Saturday, April 28, 2012


In our most recent class, we discussed the lack of score in the episode “The Body,” I found this to be interesting because in another Buffy episode, entitled “Hush” for more than half of the episode there is almost no dialogue at all. “Hush” is often regarded as being one of the scariest Buffy episodes to be created, I know we have yet to watch this episode, however I was intrigued with all the hype behind it and decided to simply watch it (therefore, for those of you who are marathoning the show: SPOILER ALERT!!). In “Hush,” the voices were stolen by these demons called The Gentleman from all the residences in Sunnydale, this was seen as a very turning and different episode for never before had a show been filmed almost entirely without any dialogue and was mainly based off of the actors facial expressions to convey emotions, feelings, words, etc. This is very different from the lack of sound within “The Body” this is described very thoroughly in a blog post entitled, “Cultural Catch-UpProject: “The Body” (Buffy the Vampire Slayer). Within this blog, the author brings up many good points discussing the differences in lack of sounds and dialogue and compares them to see the completely different message they send off to the audience.
 In one of the more resounding points the author makes is that, “we need to pay careful attention to silence: it’s not only about what is being said, but about who isn’t speaking, what isn’t being said.” I found this to be very clever, because often times when people are in the stages of early grieving, it is often the comfort of someone’s presence, rather than their words that often times can help someone much more. Or rather, this shows just how hard these situations can be—no one really knows what to says, no one knows how to make it better, so instead people just gather together and be there for one another.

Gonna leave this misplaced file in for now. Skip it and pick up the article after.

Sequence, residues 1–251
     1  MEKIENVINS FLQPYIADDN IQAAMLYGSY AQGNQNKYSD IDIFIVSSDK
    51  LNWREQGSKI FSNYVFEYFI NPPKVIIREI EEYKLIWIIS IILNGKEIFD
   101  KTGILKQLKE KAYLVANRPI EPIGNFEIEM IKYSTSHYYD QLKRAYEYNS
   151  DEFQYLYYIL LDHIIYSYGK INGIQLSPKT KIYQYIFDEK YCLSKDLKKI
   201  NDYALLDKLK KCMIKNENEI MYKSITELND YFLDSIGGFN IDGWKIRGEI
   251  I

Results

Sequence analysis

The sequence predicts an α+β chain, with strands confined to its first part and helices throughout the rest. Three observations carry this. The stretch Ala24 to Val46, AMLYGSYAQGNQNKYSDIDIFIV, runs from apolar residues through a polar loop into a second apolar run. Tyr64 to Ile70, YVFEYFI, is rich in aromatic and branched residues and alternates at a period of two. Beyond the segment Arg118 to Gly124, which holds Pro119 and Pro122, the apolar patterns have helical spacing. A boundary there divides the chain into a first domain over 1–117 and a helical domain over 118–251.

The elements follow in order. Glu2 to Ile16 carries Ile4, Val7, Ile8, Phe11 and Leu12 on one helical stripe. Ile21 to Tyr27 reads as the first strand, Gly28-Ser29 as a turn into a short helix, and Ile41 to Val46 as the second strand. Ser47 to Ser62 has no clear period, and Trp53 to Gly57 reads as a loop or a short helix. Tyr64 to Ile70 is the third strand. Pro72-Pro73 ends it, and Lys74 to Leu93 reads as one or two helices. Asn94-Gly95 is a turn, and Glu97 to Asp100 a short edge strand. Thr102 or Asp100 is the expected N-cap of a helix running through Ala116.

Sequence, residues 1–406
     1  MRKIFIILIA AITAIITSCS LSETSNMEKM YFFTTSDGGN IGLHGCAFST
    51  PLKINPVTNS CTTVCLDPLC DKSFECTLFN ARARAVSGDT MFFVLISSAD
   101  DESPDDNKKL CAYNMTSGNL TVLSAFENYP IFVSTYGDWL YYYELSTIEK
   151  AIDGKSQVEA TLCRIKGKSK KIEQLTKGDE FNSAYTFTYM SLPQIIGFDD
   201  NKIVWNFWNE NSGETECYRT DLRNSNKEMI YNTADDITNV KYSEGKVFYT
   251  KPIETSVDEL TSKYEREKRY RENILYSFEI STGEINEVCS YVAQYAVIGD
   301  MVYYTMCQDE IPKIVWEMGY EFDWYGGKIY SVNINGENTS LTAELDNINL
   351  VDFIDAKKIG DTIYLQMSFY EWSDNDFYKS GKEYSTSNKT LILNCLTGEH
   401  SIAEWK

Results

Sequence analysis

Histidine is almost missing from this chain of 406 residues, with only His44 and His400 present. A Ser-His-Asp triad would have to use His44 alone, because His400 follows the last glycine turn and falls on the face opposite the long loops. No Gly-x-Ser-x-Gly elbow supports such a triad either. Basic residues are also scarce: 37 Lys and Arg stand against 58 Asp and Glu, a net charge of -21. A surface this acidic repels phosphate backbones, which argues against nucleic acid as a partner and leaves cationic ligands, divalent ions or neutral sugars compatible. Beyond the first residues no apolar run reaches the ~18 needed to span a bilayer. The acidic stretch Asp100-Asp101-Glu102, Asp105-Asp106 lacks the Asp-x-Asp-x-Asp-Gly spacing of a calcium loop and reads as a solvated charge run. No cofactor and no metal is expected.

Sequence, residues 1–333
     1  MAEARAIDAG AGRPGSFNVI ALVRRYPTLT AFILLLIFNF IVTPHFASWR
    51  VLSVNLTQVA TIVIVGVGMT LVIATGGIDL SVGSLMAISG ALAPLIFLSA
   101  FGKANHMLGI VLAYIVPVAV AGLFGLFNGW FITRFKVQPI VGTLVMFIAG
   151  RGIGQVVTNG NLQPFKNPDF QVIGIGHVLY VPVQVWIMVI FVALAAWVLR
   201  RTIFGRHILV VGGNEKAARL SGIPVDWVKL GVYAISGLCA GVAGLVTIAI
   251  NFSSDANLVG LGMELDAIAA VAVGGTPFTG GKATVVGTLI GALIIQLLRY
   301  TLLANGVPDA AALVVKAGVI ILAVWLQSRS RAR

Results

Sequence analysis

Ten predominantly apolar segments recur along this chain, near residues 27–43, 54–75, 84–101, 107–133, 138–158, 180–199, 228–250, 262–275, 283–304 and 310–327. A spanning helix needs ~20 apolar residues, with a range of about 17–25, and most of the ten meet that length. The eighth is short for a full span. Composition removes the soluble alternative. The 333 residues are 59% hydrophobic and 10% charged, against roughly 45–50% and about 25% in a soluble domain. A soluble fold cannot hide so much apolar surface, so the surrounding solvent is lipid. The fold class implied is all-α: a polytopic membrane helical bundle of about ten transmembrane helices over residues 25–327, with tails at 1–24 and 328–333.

One of the best excerpts, which truly describes the silence within “The Body” follows: “…silence in “The Body” is less awkward and more unsettling than the silence within "Hush": in silence lies the cold truth of Joyce Summer’s death from a brain aneurysm, and in silence lies the absence of what you’re supposed to be saying, how you’re supposed to be responding to a particular crisis. While The Gentleman were meant to represent the terror of silence in “Hush,” an in their actions did demonstrate how the inability to cry for help endangered the citizens of Sunnydale, there is no need for demonification of silence in the wake of this tragedy. When all is silent, each character starts to think about the gravity of what has happened, and each character begins to break down; for the audience, Whedon’s purposeful use of silence throughout the episode forces the same reflection, delivering a statement about the power of which is unheard or said.”
This last statement can definitely be seen throughout the episode, in particular when Buffy goes to tell Dawn of their mother’s death and in Dawn’s art class they are learning about negative space, this silence that comes with watching Buffy tell her sister is a negative space, we might not be hearing directly the exchange, but the visual we receive is enough for the audience to truly understand the despair the two young girls are feeling for their mother.
In contrast to what the author said earlier about the silence making what is not said to be important, he also argues that “the silence also increases the power of the things which are said, or the things which we implicitly say within silences. The small exchanges between the characters mean much more due to the lack of sound within this particular episode, for example Anya’s speech in the dorm room about no understanding the meaning behind death is often regarded as one of the best moments within the episode for the lack of words and the sudden rush of her words create this meaningful message that we all take away from this episode.